Supervisor Gonser knew about a proposed gas pipeline through Oakand Township more than a month before the Parks and Recreation Commission was informed that the pipeline was proposed to go through one of our Parks. Gonser chose not to inform the Parks Commission about this project. He later approved the survey work on the park land even though he knew the Parks Commission had not approved the request.
As reported previously on this website, Vector Pipeline, a representative of DTE, met with the Oakland Township Parks and Recreation Commission on November 12, 2014 to request approval from the Parks Commission to proceed with a survey through Draper Twin Lakes Park to potentially install a 42 inch diameter gas line. This proposed path is an optional path Vector Pipeline wanted to consider rather than using an existing right of way adjacent to the Park property. There was no good reason given for why Vector Pipeline preferred to use the parkland. This line would traverse our entire Township. The Parks Commission did not grant approval to proceed with the survey work. However, a few days after the meeting, a survey company was seen surveying the parkland. Upon investigation, it was discovered that Supervisor Gonser had given approval to survey the land without the Parks Commission’s knowledge or approval.
Information obtained through the Freedom of Information Act (FOIA) indicates that Supervisor Gonser met with DTE, knew about the proposal, had a map of the proposed path, and sent a letter to the Board members informing them of project more than a month (October 2 and 3) before the Parks Commission meeting. Supervisor Gonser apparently did not feel it necessary to inform the Parks Commission since they were not included on his email.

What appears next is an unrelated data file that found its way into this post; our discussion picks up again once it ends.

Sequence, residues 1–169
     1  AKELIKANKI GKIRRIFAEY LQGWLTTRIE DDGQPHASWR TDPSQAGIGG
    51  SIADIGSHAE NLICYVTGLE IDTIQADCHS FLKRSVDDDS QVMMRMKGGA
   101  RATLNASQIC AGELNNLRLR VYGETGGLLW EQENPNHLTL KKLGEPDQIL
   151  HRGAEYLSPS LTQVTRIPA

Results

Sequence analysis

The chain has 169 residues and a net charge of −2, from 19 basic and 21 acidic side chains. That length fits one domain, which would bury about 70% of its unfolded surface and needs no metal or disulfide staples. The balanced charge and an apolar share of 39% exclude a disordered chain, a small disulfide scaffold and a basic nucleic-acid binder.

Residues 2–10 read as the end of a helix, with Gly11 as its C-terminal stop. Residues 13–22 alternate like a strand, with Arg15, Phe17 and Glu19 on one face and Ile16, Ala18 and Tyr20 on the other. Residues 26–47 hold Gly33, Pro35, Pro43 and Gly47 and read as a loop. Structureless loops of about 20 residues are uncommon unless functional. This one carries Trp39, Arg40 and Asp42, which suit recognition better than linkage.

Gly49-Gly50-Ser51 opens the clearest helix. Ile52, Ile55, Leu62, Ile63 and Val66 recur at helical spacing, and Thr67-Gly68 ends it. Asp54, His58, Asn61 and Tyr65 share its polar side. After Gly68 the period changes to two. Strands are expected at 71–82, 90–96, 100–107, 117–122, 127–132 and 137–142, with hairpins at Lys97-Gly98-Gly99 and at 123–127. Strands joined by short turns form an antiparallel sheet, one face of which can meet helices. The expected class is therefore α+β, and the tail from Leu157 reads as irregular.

Gonser’s letter also included a draft letter that Vector Pipeline planned to send to all affected landowners prior to doing any surveying. The Parks Commission never received a copy of the letter. Gonser must have felt that since he had seen the letter, he felt it acceptable to approve the survey request even though he knew the Parks Commission had not approved it.
A discussion of Gonser’s actions on this issue is on the agenda for the January 13 BOT meeting. Please come to the meeting or watch the discussion on your computer or TV.
Here are the documents obtained through the FOIA process:
Why is this important to the citizens of Oakland Township? The Township Board, and particularly Supervisor Gonser, has had a number of confrontations with the Parks and Recreation Commission. Some of these confrontations have escalated to formal legal proceedings. Gonser’s obvious “in your face” decision to approve the survey work without having shared his prior knowledge of the project is yet another one of his ‘attacks’ on the Parks Commission. He approved the request without having valid reasons given for why the existing right of ways could not be used. His underhanded withholding of information from the Parks Commission is yet another example of his leadership style and ethics.
He claims to spend 50 to 60 hours per week on Township work, yet he could not take 30 seconds and include the Parks Commission on distribution on his October 3, 2014 email?